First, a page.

Niki Sharma knows that she has benefited enormously from her parents’ sacrifices. Rose and Pal Sharma immigrated from the Indian state of Uttar Pradesh in the 1970s to build a new life in B.C.’s Elk Valley. Sharma’s mom raised four daughters in the small community of Sparwood; her dad worked at a local coal mine for several years.
“He was laid off when we were quite young,” Sharma tells Pancouver over Zoom. “He had that difficult transition to figure out what to do—with his four kids—but he ended up starting his own business.”
Sharma says that when children of immigrants enjoy success, it’s often a victory for the parents. And she will never forget her mom’s reaction upon learning that Premier David Eby had asked Sharma to serve as B.C.’s attorney general.
“I think she was screaming and crying,” Sharma recalls with a hearty laugh. “It was a really lovely moment.”
It’s been a remarkable rise for Sharma, who attended the University of Alberta law school before moving to Vancouver nearly two decades ago. She spent 12 years at the Donovan & Company law firm, often representing Indigenous clients. In 2011, she became the first woman of South Asian ancestry ever elected to the Vancouver park board.
Sharma is proud of that park board’s efforts—with the City of Vancouver—to improve relations with First Nations. In 2013, the city held its first Walk for Reconciliation. It attracted tens of thousands who walked across the viaducts.
“I think we started that journey,” Sharma says.
Gender equality and racial justice have always been close to Sharma’s heart. She spent nearly nine years on the board of Battered Women’s Support Services before becoming the senior ministerial assistant to then minister of state on childcare Katrina Chen in 2017.
Their work led to a dramatic increase in childcare spaces.
Sharma speaks out for human rights
In addition, Sharma has written eloquently on race relations. When federal Conservatives were considering banning public servants from wearing niqabs, Sharma penned a compelling commentary as a private citizen.
“Be conscious that we are in 2015 and male political leaders are debating what a woman has the right to wear in Canada,” she declared.
Then Sharma added this: “Be aware that this election campaign has turned a small group of minority women into political footballs. Be aware that, in our midst, a group of Canadian citizens are being dehumanized. History has shown us over and over again that this leads to oppression, hatred, and violence.”
She expressed similar sentiments after Donald Trump became U.S. president. She felt that consideration of Trump “should have ended at the racist chants at his rallies, at the policies of deportation and discrimination based on race and religion, [and] the endorsements from the KKK”.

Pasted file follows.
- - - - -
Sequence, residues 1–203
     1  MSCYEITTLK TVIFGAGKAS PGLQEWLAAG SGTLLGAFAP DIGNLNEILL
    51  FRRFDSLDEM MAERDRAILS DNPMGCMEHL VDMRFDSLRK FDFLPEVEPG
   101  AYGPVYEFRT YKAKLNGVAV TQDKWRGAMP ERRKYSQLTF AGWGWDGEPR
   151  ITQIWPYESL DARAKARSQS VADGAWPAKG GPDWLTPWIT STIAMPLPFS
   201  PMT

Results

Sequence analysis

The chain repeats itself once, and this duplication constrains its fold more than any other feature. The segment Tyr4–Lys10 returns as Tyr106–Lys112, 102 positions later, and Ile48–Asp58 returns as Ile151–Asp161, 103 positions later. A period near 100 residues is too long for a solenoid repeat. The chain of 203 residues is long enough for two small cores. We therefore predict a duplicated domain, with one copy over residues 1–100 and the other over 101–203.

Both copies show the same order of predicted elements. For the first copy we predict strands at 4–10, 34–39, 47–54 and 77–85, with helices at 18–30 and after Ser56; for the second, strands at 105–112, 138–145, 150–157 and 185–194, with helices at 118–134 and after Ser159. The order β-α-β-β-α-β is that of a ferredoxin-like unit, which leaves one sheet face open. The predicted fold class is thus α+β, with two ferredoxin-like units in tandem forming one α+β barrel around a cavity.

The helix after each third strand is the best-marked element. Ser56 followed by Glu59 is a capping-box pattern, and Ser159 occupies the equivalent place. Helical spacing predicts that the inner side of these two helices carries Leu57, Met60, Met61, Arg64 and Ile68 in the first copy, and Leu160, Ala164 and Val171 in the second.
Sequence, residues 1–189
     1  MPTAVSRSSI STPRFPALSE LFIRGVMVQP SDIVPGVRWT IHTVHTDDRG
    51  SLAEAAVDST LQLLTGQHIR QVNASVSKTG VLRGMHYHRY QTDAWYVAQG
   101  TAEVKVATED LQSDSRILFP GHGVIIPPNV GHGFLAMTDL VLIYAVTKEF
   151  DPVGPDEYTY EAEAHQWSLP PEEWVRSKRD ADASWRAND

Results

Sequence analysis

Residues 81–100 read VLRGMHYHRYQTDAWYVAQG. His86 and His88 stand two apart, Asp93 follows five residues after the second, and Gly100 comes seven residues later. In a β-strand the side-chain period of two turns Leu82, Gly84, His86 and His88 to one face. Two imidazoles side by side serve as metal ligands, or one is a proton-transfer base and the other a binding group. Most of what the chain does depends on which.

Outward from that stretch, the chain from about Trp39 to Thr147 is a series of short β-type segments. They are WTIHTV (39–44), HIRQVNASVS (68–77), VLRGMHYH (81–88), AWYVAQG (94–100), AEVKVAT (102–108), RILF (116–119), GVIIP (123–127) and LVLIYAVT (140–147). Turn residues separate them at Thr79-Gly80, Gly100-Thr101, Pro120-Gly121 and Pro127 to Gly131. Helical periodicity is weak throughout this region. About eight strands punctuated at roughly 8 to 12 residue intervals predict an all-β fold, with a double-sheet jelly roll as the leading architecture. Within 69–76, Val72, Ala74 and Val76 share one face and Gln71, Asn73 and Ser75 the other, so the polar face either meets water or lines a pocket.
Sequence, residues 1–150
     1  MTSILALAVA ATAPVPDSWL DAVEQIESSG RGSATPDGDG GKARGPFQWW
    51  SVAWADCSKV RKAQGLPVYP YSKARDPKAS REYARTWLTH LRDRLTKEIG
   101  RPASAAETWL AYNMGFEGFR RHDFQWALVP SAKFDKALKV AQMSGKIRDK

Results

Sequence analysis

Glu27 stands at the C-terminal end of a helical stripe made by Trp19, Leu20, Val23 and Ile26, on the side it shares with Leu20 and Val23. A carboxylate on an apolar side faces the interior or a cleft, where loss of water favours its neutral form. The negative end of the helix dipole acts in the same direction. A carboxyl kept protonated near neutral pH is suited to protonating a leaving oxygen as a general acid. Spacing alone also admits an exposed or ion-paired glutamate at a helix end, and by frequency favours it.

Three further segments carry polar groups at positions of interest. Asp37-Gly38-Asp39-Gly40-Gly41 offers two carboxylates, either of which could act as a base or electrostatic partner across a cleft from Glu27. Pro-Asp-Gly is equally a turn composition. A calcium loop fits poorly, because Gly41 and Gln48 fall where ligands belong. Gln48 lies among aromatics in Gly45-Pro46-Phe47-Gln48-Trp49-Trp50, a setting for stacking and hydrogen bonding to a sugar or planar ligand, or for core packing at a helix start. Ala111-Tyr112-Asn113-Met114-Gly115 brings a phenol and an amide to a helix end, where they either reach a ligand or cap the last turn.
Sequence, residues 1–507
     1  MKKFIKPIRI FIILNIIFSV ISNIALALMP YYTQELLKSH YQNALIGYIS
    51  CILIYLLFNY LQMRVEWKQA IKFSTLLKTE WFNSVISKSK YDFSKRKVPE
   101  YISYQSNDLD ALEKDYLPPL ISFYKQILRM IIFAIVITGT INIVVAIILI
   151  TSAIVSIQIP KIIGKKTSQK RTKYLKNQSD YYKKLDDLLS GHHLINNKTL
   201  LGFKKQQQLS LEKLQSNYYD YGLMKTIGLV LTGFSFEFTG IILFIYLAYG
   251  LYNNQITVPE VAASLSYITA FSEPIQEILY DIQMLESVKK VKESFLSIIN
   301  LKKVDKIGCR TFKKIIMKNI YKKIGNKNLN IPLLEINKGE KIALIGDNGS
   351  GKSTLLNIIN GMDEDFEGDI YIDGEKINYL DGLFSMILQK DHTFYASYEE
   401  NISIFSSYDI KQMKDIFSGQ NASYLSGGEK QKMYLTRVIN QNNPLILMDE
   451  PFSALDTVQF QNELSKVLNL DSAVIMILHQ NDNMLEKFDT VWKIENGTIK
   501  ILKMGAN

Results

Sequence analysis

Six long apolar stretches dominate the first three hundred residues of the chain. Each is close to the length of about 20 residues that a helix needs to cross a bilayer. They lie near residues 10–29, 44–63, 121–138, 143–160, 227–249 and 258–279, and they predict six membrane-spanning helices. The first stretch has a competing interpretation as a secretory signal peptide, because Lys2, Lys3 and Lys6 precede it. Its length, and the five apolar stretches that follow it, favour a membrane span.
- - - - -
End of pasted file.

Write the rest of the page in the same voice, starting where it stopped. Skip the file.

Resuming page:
For these and other efforts, Burnaby-based Spice Radio awarded Sharma with its annual anti-racism award in 2019, which she shared with Musqueam political activist Cecilia Point. A year later, Sharma won the NDP political nomination in Vancouver-Hastings and cruised to victory in the provincial election.
The premier at the time, John Horgan, appointed her to a new position: parliamentary secretary for community development and non-profits. She was well-suited for the job, having spent more than four years as a director of Vancity credit union and nearly three years on the board of the PuSh International Performing Arts Festival.
As parliamentary secretary, she interacted with many arts organizations. Sharma remains impressed by their determination to carry on despite the burden imposed by the pandemic.
“They’re definitely a very tough bunch when it comes to what they believe,” she says. “They add so much.”
Advancing justice for Indigenous people
She’s no stranger to the arts. Over the past 40 years, her mother has organized countless events and served as head of the Sparwood Arts Council. In Sharma’s view, the most important thing about art is how it challenges one’s perspectives.
When asked if there’s anything about Niki Sharma that her colleagues might not be aware of, she responds with a laugh.
“There’s a video game called Just Dance that I’m very weirdly good at,” she reveals.
In reality, Sharma is very private. She has a nine-year-old daughter and three-year-old son.
As attorney general, Sharma is particularly passionate about her ministry’s Indigenous-justice initiatives. A key pillar are 15 Indigenous Justice Centres. According to Sharma, they will each include a team of people helping prepare Gladue reports, which outline unique systemic or background factors resulting in an Indigenous person coming in contact with the justice system. Under a Supreme Court of Canada ruling, judges must consider this.
The attorney general emphasizes that Indigenous people are playing a critical role in the colonial justice system’s “reckoning”.
“We’re really taking the lead from First Nations leaders from across the country on where they think we should go,” Sharma says.